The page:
I became extremely passionate about the value of Advanced Placement courses when I started college English courses at a local university. I realized how well my high school AP English courses positioned students to succeed in college. Of course, the academic goals align since AP is designed to be an introductory English college course. But, from experience in the college classroom, I found it was so much more than that. It was more about learning the skills to succeed in any task that required higher-order thinking. Fortunately, these skills aren’t unique to AP courses. In fact, they can be introduced and nurtured in any course! In this post, I’m going to share four AP Lit skills that all students should learn.
This blog post is written in collaboration with Amanda Cardenas who has written her post on this same topic, but with a focus on preparing students for AP English Language and Composition. Between our two posts, you’ll have your students more than ready to embark on their AP journey in their English courses!
1. Literary Analysis
Literary analysis is one of the most valuable skills that students can learn in literature-based English courses. While we know that students can read and interpret literature, we also likely know that it’s much harder to teach students to analyze literature formally. In fact, many literary analysis essays end up being reports that identify literary devices without analyzing how they relate to the whole work of literature.
So, how do we fix this?
Well, I always start by explaining what literary analysis actually means. In terms for my students, I explain that we identify literary parts of a work of literature that help understand the work as a whole, something thematic for example.
Tip: Use Pictures Books to Teach Literary Analysis
My favorite way to apply this definition is with a lesson starring picture books. Picture books work so well as a scaffolded approach to more challenging literature because the themes are easier to identify. Once they understand the overall theme, they can easily identify literary elements (parts of the work) that help us understand the whole (theme).
Many picture books will work for this lesson. I personally love using the Pig the Pug series by Aaron Blabey. This series features a pug, Pig, who learns his lesson usually with trial by error. I give each student a book from the series. Then, I ask them to identify the theme and the literary elements that illuminate the theme. Finally, I ask them how those elements make the theme more obvious. For example, each book has a distinct tonal shift at the climax that illuminates how Pig learns his lesson. This element helps the reader identify the change in the character’s behavior.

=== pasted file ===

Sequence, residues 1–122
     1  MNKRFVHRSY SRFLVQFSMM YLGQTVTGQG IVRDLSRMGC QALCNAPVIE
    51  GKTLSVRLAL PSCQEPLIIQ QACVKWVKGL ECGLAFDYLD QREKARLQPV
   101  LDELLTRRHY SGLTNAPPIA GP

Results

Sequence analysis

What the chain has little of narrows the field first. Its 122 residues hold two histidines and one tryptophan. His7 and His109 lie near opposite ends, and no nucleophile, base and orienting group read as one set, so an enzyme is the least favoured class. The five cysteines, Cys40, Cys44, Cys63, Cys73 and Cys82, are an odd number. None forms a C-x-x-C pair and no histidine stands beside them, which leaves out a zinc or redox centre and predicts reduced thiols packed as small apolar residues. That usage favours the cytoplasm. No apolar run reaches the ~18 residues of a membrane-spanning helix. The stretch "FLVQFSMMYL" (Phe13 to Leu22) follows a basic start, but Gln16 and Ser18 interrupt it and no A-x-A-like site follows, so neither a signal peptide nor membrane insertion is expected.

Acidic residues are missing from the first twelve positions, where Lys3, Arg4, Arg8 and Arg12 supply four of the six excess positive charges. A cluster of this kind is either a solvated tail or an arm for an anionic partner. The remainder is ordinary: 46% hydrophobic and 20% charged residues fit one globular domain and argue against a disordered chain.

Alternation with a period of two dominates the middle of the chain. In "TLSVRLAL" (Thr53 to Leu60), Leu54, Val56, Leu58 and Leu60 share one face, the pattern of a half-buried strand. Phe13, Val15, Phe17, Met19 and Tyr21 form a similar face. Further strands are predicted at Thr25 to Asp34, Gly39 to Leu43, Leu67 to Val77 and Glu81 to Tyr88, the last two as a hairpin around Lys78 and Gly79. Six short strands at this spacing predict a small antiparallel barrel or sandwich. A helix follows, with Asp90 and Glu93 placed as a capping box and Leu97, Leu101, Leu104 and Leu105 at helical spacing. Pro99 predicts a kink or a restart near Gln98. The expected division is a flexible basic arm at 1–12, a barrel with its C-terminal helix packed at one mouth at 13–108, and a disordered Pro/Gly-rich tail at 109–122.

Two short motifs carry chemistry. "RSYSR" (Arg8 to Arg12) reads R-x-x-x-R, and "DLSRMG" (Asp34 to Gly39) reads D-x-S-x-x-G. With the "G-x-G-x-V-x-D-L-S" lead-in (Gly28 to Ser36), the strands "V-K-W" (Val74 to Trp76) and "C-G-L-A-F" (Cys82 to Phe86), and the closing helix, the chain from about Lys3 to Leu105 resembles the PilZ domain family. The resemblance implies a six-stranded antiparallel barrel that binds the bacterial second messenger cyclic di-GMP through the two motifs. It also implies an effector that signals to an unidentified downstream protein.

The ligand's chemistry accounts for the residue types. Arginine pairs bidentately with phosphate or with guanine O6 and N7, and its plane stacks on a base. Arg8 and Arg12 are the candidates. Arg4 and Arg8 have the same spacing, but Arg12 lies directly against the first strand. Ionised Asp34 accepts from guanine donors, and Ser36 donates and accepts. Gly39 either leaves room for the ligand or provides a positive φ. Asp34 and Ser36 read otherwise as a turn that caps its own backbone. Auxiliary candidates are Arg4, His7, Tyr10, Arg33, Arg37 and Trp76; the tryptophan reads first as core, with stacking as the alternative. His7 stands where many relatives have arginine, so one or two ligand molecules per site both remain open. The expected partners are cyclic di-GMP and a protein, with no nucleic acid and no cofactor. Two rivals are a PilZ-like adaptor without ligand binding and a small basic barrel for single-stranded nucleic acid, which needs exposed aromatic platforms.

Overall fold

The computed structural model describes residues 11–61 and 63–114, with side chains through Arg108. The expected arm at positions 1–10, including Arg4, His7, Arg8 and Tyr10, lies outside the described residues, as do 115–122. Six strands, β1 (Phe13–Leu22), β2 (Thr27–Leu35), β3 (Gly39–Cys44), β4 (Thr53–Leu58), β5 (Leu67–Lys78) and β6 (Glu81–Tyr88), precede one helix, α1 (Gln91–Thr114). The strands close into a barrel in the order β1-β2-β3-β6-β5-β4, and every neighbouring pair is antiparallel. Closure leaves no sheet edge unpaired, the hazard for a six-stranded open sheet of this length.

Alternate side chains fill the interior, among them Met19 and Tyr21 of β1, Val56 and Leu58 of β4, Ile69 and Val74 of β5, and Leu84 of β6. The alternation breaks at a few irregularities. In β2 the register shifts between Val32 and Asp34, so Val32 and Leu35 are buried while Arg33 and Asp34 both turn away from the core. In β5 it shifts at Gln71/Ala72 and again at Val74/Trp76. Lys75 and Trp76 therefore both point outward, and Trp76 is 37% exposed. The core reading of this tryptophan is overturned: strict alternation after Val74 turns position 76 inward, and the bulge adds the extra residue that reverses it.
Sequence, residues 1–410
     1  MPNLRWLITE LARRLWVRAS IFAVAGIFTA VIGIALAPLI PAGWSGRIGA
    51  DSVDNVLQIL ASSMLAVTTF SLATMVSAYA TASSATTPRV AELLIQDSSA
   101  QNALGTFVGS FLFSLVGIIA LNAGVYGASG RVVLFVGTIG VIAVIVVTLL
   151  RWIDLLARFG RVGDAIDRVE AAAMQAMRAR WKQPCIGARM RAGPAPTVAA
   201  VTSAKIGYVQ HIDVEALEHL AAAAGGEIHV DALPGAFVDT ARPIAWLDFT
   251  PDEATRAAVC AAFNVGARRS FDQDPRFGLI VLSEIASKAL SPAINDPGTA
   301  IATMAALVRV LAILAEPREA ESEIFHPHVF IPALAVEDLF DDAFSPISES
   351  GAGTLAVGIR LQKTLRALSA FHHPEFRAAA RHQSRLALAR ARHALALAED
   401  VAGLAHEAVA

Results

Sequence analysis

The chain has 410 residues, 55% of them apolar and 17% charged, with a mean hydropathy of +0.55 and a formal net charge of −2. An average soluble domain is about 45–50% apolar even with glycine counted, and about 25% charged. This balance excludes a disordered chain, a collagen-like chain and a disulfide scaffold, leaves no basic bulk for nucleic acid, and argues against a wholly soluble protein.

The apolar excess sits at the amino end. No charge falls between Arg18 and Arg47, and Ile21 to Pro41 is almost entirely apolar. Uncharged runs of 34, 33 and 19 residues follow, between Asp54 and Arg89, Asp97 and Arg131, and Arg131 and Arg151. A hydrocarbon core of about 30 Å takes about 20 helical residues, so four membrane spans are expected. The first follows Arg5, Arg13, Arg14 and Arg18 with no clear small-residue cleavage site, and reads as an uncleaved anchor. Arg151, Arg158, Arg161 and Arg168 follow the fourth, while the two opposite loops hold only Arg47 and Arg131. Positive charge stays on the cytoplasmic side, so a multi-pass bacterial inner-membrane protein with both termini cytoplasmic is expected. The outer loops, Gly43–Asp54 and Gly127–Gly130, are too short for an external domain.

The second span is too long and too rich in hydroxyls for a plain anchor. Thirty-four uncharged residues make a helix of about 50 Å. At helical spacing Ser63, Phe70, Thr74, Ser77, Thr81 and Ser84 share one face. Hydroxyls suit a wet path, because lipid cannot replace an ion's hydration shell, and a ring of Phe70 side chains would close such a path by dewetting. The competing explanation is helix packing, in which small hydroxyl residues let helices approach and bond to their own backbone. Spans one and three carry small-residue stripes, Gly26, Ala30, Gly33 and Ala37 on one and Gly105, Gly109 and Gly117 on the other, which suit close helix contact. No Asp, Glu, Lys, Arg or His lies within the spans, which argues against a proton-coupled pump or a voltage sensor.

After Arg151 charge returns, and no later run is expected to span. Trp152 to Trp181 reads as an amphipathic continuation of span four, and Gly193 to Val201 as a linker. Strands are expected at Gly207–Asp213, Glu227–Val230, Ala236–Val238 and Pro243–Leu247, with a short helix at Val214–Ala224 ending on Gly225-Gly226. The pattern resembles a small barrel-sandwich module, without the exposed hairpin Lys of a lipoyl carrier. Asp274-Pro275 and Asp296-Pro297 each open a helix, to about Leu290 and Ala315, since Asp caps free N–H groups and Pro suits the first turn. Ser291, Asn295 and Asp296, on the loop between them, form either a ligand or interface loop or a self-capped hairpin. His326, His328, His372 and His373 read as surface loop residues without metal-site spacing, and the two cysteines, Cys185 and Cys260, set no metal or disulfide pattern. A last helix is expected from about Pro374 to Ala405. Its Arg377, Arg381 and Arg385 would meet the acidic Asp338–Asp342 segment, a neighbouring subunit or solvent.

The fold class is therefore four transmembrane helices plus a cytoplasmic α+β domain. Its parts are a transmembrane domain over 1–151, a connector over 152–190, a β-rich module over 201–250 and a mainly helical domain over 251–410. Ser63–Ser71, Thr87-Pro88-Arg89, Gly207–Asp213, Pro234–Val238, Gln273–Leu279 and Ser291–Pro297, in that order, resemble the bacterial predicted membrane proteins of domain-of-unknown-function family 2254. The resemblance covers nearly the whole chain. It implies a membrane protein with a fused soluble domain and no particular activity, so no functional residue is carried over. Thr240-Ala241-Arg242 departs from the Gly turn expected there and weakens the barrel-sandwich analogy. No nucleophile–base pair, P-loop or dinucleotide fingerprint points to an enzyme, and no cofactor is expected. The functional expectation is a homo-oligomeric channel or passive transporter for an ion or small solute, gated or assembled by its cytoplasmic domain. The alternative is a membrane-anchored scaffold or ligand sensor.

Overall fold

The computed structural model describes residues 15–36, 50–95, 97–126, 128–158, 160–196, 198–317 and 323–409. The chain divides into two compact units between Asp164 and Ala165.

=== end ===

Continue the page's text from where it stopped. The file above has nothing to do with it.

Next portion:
For more information on using picture books in the classroom, you can read my blog post here.
2. Understanding a Line of Reasoning
One of the most challenging concepts for students to understand is how to create an argument based on a line of reasoning. For starters, this concept is one of the most important concepts in argumentation in the real world. It’s the difference between effective and ineffective arguments.
In AP Lit, a line of reasoning starts will write a well-defined thesis statement. I usually start with a loose formula that students can follow as they’re learning:
In (author’s name story), (what you’re analyzing from the prompt) is developed through (specific literary element 1) and (specific literary element 2) to convey (something thematic).
Here’s an example from an old AP Lit prompt:
In William Dean Howell’s The Rise of Silas Lapham, a complex family situation is developed through detailed character contrast and an objective, yet honest tone to convey the challenge of balancing family life with societal pressures.
Now, I certainly don’t expect students to follow this guideline perfectly. However, it does help them understand the line of reasoning because we can use it as a method to track a line of reasoning in each body paragraph.